He approached this album as a playlist, rather than an album with an over riding theme because according to Malanuk, “In a generation where music streaming is thriving and more than half of the earth’s population has ADHD, it is very hard to get someone to listen to even five songs from the same artist. We are living in a time of playlists more than a time of records, so I created a record that simply is a playlist.”
I see Casey as an album by a young musician who is looking for his place in both the world of music, and the world at large. He explores different genres and ways of expression, looking for the one that suits him the best, and ends up somewhere between alternative rock and indie. Throughout the entire album, we get moments of quiet reflection and careful lyricism, and then out of nowhere come the wailing guitars that show Casey hasn’t forgotten about rock ‘n’ roll. Perhaps my favorite example of this is on “Ghost”. For the majority of that song, Casey brings out the Bon Iver vibes, singing quietly over airy acoustic tones. Then, near the end of the song, he ramps it up with a screeching psychedelic guitar solo. It’s unexpected and badass, which I think is what I like about it.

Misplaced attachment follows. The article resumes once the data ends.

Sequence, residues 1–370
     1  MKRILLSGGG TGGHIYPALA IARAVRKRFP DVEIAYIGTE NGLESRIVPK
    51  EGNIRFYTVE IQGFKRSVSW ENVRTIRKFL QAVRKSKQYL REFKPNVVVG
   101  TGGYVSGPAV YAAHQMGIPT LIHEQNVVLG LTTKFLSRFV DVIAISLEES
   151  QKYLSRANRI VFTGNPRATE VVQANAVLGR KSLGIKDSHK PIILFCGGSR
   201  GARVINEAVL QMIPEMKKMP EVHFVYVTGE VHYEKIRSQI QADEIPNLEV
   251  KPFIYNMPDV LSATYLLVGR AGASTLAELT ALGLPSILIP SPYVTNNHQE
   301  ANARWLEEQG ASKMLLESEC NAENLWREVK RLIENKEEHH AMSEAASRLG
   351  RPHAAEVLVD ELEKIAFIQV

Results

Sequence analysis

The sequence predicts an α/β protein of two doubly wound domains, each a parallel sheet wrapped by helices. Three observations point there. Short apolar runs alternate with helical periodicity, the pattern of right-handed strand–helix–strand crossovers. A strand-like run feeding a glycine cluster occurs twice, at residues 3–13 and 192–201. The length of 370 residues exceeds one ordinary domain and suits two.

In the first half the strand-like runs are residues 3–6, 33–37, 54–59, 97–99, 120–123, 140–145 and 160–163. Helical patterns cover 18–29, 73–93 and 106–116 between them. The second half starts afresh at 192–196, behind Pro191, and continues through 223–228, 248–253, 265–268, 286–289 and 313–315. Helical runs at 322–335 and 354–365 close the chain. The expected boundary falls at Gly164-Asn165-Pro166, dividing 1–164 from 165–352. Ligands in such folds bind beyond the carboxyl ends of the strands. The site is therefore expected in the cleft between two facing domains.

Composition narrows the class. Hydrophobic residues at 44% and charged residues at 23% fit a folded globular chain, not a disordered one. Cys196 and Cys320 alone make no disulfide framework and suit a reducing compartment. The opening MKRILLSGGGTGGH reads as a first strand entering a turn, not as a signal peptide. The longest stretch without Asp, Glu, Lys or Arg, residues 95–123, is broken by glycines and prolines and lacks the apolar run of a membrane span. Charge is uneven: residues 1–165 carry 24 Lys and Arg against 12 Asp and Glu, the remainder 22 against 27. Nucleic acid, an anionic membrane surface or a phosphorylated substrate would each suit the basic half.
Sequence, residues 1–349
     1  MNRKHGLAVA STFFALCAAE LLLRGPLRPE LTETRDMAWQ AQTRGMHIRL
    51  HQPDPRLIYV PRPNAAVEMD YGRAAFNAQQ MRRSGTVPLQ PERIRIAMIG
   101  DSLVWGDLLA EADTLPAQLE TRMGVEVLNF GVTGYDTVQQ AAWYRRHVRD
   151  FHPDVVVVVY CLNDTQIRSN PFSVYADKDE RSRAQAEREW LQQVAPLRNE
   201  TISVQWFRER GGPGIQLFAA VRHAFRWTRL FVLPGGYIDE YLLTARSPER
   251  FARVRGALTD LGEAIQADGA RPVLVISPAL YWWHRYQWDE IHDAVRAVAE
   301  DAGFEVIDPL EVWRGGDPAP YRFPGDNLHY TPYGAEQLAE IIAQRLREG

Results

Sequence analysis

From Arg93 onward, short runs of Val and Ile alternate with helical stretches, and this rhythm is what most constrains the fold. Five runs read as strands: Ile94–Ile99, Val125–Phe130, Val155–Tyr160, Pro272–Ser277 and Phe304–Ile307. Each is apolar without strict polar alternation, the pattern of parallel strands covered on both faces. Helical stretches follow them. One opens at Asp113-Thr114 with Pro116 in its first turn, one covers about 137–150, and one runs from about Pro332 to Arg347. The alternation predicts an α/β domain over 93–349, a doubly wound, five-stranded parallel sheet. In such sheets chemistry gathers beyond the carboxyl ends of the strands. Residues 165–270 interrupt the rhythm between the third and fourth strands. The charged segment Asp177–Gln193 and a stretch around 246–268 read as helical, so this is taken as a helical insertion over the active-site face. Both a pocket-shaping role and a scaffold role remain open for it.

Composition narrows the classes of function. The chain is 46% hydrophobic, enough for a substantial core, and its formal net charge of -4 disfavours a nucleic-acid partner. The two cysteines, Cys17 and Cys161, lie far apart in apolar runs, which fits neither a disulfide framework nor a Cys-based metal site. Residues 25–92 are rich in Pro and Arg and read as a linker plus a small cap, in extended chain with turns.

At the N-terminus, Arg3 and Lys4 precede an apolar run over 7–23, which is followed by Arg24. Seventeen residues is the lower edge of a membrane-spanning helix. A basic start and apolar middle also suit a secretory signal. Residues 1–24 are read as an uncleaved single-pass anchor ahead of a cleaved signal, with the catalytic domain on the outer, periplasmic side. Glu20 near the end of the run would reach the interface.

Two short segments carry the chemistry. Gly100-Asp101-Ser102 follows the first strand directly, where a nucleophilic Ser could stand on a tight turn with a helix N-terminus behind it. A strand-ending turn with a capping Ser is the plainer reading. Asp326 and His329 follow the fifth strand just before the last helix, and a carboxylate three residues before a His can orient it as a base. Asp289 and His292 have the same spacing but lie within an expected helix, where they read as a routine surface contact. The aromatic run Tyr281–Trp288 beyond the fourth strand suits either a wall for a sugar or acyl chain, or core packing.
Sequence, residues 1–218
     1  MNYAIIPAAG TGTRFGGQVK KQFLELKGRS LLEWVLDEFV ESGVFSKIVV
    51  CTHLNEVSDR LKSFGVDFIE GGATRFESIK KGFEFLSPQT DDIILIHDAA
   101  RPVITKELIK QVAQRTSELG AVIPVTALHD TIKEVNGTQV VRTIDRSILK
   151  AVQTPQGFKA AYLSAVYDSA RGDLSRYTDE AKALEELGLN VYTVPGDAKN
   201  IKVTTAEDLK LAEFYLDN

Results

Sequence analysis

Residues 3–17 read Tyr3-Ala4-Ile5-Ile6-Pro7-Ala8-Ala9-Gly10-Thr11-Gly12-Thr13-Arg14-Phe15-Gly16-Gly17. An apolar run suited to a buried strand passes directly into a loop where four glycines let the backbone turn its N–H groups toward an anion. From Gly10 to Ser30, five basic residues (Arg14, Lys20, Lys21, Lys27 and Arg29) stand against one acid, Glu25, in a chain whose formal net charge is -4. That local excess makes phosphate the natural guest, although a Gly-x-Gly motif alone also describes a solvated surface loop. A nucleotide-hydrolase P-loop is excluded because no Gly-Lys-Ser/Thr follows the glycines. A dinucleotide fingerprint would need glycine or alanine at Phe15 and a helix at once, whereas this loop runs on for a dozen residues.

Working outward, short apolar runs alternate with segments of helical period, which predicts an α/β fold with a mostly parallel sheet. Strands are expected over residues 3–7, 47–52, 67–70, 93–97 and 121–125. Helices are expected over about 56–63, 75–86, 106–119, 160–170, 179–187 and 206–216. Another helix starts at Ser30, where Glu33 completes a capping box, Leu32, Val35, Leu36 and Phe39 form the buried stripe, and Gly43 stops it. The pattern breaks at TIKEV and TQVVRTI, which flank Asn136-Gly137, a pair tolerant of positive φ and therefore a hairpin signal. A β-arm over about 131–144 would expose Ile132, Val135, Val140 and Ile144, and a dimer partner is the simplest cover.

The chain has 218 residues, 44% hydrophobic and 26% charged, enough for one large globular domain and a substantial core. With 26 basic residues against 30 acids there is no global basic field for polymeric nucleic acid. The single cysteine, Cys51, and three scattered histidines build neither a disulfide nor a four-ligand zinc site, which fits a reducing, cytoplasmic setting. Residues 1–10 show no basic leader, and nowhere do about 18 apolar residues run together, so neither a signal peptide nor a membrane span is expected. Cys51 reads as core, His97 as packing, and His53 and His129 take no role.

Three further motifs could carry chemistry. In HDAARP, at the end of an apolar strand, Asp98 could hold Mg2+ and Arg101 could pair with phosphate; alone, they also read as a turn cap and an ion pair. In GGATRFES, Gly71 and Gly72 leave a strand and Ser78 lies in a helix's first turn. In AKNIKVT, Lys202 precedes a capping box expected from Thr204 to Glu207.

Last week 18-year-old singer-songwriter and producer Casey Malanuk released his second album this year (yes, this year), Short Film Season, and it quickly became a favorite at the City Paper music desk. Turns out the creator is an early graduate of Wando High School (he finished last semester), has created two impressive collections of music entirely by himself, has attended the prestigious Grammy Camp (only a few out of thousands are chosen), and is on his way to Los Angeles to immerse himself in music, leaving for the West Coast the day before this piece prints.